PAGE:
1994 was a huge year in the life of Jim Carrey. The comedian shot to fame with films that would become synonymous with his career, including Dumb and Dumber and Ace Ventura: Pet Detective. But it would be The Mask that ensured the Saturday Night Live performer became a box office regular.
This week though, his director Chuck Russell explained that the movie was drafted as a horror installment. Out promoting the 30th anniversary of the release of Dream Warriors, the filmmaker told XFINITY that he had to fight tooth and nail to transition the script into an action comedy.
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Despite his past achievements, Russell recalled how difficult it was to convince the studio heads at New Line to change their plans.
"It's a great example of really fighting for your vision in a film," he explained. "We changed it from a horror film into a comedy. It was originally conceived as being a horror film. That was a real battle. New Line wanted a new kind of Freddy movie."
What made his argument tough was the lack of consistency in the subject material. Being something of a fourth-wall breaker akin to Deadpool, there were various interpretations on The Mask.
"By coincidence, I had seen the same original Mask comic they ended up buying, and I thought, 'That's really cool, but it's too derivative of Freddy Krueger.' It really was. He would put on The Mask and kills people. And have one-liners. It was a really cool, splatterpunk, black and white comic. They've redone the comics to be more like my movie, but the original comics were really cool, dark and scary."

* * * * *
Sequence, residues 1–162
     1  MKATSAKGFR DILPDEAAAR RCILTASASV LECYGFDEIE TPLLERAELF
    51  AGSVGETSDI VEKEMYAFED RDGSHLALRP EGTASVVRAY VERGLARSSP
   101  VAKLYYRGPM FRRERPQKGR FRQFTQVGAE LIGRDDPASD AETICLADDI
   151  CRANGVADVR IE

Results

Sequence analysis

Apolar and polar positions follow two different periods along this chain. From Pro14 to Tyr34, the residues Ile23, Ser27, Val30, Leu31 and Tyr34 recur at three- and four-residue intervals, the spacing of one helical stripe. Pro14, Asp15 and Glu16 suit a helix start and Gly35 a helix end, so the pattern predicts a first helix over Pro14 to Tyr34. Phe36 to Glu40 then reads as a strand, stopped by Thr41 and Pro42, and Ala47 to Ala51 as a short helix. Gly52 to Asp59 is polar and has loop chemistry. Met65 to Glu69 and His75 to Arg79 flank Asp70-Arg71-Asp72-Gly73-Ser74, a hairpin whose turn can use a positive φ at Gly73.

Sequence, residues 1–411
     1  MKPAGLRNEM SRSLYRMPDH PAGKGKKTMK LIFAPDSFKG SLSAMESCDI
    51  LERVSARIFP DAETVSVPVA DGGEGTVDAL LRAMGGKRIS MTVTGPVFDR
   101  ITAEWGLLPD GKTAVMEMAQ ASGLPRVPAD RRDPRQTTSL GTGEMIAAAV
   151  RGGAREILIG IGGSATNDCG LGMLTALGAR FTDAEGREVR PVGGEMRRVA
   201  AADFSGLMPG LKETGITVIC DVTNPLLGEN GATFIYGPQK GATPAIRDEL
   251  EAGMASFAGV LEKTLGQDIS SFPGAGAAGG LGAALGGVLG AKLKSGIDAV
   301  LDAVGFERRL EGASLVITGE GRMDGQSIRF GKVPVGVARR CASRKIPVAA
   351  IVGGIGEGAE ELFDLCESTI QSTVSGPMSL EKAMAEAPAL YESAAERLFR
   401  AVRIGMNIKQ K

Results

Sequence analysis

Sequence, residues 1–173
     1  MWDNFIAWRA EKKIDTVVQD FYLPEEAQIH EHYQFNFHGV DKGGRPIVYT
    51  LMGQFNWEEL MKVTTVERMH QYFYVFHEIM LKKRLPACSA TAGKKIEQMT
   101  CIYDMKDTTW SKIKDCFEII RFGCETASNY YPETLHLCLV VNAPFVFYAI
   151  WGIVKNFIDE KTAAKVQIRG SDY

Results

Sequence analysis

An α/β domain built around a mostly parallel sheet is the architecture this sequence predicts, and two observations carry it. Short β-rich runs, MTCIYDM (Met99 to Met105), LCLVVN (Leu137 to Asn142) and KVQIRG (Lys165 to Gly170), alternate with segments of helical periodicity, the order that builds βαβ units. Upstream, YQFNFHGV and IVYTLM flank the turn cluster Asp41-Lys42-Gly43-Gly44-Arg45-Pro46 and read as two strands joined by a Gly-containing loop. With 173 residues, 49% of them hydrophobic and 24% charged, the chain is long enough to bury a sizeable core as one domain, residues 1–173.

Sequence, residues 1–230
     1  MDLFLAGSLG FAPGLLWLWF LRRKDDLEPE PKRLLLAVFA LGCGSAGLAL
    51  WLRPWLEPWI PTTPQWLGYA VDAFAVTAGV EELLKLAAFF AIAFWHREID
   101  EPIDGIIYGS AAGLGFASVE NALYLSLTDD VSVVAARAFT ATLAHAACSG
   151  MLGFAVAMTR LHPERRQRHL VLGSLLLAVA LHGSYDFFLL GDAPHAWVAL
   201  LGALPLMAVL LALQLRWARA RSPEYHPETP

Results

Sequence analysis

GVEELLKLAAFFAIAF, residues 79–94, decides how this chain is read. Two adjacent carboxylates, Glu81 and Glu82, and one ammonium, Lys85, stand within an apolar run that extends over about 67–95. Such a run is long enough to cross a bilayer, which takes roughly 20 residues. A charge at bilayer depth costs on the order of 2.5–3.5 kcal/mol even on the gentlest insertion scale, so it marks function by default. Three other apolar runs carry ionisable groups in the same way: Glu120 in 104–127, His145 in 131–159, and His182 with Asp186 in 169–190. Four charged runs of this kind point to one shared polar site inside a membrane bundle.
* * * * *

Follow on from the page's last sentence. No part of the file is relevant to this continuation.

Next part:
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Rather than see Carrey do the business in a motion picture, Russell would choose to cast the actor after seeing him on stage in Los Angeles.
"I had recently seen Jim Carrey do stand-up comedy at the Comedy Store on Sunset, and Jim Carrey blew us away. He looked like a hallucination live on stage. While I was working with him, I used to sort of play challenge games with him to do physical comedy that he couldn’t imagine and I couldn’t imagine. We enjoyed that because it pushed him a little further. He would say, 'Man, I don’t know. I just think of it and I go there.' He’s very, very gifted. He’s really a comic genius. I said, 'We’ve gotta use this guy, Jim Carrey.' It was really developed for Jim."
How different could The Mask have been? Well it wasn't only a genre switch that was crucial, seeing the likes of Nicolas Cage and Matthew Broderick mooted for the lead role.
"People have asked me who I would have used if I didn’t use Jim. I looked at my old list recently, and I had Matthew Broderick and Nic Cage as possibilities at that time, but it was really Jim that inspired it. I felt there was no one else that could help me successfully make a comedy out of that except Jim. And then Jim read the draft and said, 'My god, it’s like it was written for me.' And I said, 'Well, that’s because it was, and I’ll hope you do it.' He wasn’t really desired as a leading man at that time. He had not done (Ace Ventura) Pet Detective yet, but I knew that was the only way to do it. He read it and he said, 'I’ll be doing this role at grocery store openings when I’m 70.'”